We describe the case of a 65-year-old female patient who underwent aortic valve reconstruction for aortic valve stenosis. During the operation, repair of a left ventricular laceration produced by a left ventricular vent was necessary. BioGlue® (CryoLife, Atlanta, GA, USA) and pledgeted sutures were used for repair. Pericardial effusion with signs of cardiac tamponade developed five months later. The patient was treated successfully by the removal of all foreign material and part of the BioGlue®. Microbiological findings were sterile. Histology showed a chronic granulomatous inflammatory response suggesting a foreign material reaction to BioGlue® as the cause of the effusion. Though all visible material was removed, the risk of pericardial effusion still persists as part of the BioGlue® remained within the ventricular wall.
[Show abstract][Hide abstract] ABSTRACT: We describe the development of a highly elastic and adhesive surgical tissue sealant, based on photochemically crosslinked gelatin, for sealing sutured incisions in the gastrointestinal (GI) tract in a rabbit surgical model and in a canine colon anastomosis study.
The study included in vitro assessment of mechanical parameters of the tissue sealant and in vivo analysis of burst strength and histology at 24 h, 3 days and 7 days post surgery, in a rabbit model, to assess progress of wound healing at the suture sites. Utility of this sealant to repair and seal a lower colonic resection and anastomosis procedure in a canine model was also investigated.
We show that a photopolymerised gelatin tissue sealant provides effective sealing of GI incisions and facilitates wound healing with no evidence of inflammation up to 28 days post-surgery. Blending of derivatised gelatin with underivatised gelatin allowed tuning of elasticity and elastic modulus of the photopolymerised sealant to suit surgical applications. High tissue adhesive strength was maintained at all blend ratios and exceeded 100 kPa.
This highly elastic and adhesive photopolymerised gelatin tissue sealant offers a number of advantages over currently available sealants suitable for GI surgical procedures.
Journal of Gastrointestinal Surgery 11/2011; 16(4):744-52. DOI:10.1007/s11605-011-1771-8 · 2.80 Impact Factor
[Show abstract][Hide abstract] ABSTRACT: BioGlue surgical adhesive was developed as an adjunct for achieving hemostasis during cardiovascular surgery, and it was approved for use in the United States by the Food and Drug Administration in 2001. When applied to cardiovascular tissues, the glutaraldehyde and bovine serum albumin that comprise BioGlue produce strong crosslinking that bonds tissues and seals defects. These features have made BioGlue particularly well suited for preventing bleeding from fragile cardiovascular anastomoses such as those inherent in the repair of acute aortic dissection. Over the 10-year period since its approval, several studies and clinical reports have illuminated the relative risks and benefits of using BioGlue during cardiovascular operations. Understanding these merits and limitations of BioGlue is essential to ensuring its safe and effective use.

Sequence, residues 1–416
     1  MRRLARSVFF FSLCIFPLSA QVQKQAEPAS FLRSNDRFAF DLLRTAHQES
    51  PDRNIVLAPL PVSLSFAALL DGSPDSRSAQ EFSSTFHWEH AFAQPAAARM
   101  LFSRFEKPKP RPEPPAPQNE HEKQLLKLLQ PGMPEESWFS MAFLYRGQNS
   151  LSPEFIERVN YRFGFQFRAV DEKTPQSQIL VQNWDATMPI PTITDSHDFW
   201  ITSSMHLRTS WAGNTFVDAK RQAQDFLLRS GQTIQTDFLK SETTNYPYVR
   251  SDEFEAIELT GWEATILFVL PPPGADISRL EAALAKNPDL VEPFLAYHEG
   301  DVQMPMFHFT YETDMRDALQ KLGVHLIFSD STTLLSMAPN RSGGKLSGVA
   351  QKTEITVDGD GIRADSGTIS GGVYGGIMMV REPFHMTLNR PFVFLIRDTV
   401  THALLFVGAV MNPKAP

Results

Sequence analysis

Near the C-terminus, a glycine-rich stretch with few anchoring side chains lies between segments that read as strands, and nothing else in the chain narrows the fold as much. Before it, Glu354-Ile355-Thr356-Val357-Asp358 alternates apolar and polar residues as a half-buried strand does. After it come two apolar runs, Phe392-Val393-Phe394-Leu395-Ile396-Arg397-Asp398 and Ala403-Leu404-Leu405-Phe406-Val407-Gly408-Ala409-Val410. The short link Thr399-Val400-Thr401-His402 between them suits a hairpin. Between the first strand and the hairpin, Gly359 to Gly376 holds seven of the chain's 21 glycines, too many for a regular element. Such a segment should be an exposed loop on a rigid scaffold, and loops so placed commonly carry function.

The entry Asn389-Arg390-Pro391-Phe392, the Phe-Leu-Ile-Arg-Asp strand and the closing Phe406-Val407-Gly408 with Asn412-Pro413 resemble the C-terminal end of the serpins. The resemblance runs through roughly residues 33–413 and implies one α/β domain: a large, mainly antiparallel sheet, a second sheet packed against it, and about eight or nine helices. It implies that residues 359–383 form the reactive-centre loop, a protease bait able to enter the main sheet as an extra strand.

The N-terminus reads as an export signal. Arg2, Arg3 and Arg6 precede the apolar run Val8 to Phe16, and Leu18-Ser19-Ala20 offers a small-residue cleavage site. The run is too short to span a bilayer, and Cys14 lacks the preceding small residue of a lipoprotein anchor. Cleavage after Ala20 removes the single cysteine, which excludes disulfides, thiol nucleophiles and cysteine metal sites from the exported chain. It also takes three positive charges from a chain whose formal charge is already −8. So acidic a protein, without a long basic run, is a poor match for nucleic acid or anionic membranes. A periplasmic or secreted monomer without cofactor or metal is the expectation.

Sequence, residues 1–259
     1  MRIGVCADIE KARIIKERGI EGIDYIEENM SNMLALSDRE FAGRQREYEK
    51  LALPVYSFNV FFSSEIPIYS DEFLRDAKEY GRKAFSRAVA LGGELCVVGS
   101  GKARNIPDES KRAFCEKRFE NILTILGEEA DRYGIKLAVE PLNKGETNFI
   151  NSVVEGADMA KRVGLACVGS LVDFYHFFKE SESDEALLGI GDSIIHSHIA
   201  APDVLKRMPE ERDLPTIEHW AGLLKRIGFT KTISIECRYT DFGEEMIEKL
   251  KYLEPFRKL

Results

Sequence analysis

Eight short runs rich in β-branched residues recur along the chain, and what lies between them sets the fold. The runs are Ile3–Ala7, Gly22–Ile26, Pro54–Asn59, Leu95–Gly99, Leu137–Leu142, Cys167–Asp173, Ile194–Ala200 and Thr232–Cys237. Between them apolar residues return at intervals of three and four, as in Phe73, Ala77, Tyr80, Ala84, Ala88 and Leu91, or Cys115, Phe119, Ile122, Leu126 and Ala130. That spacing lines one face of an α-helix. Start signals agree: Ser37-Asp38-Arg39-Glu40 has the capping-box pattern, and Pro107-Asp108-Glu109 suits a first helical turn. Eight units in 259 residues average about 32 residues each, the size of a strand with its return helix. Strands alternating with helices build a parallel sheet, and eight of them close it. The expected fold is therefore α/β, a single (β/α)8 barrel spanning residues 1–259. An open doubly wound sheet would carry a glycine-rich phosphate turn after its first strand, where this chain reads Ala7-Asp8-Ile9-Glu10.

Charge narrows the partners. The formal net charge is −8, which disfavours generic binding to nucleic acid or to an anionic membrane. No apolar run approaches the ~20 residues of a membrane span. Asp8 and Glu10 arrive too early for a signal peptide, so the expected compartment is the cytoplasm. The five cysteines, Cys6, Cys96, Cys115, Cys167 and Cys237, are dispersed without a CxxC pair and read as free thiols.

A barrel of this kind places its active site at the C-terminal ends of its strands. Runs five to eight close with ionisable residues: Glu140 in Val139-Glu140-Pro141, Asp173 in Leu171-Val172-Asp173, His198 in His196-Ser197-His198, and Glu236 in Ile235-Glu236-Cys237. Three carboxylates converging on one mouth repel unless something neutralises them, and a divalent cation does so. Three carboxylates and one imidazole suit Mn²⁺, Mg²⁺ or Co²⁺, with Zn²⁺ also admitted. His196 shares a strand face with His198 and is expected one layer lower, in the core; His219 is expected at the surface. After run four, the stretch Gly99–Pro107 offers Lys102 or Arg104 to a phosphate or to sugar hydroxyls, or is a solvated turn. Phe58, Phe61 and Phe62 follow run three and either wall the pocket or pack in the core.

The Journal of extra-corporeal technology 03/2012; 44(1):P6-12.
[Show abstract][Hide abstract] ABSTRACT: Bioglue is an adhesive used during cardiovascular surgery to improve hemostasis perioperatively and to strengthen and reinforce vascular anastomoses. It has also been used to 'seal' the false lumen in patients presenting with acute aortic dissections. Herein, we examine the complications of Bioglue, which may lead to redo sternotomy in selected patients.
A review of pathology records at our institution from 2002 to 2010 found 4 cases of excised aortic tissue and/or aortic valves with previous Bioglue® use at initial operation. Excised tissues and valves were examined, looking for the presence of Bioglue®, inflammatory cells (acute, chronic, macrophage and giant cells) and micro-organisms. Patient demographics were also reviewed and recorded.
We identified four cases of Bioglue use found at redo surgery, after the formation of pseudoaneurysm (n=3) and aortic stenosis (n=1). Mean interval to redo surgery was 2.28 + 0.32 years (range 2-2.6 years). Pseudoaneurysm formation was thought to be caused by an inflammatory reaction to the Bioglue® itself in two cases, while one case found no such reaction. One patient with previous aortic valve replacement had large annular abscesses filled with necrotic debris surrounding the prosthesis and pannus found on the sewing cuff, comprised of Bioglue® itself.
The mechanisms leading to these complications include mechanical strain, inflammation and tissue necrosis. The judicious use of Bioglue® when clinically indicated, and close follow-up of these patients with serial imaging, remain an integral part of avoiding future complications.
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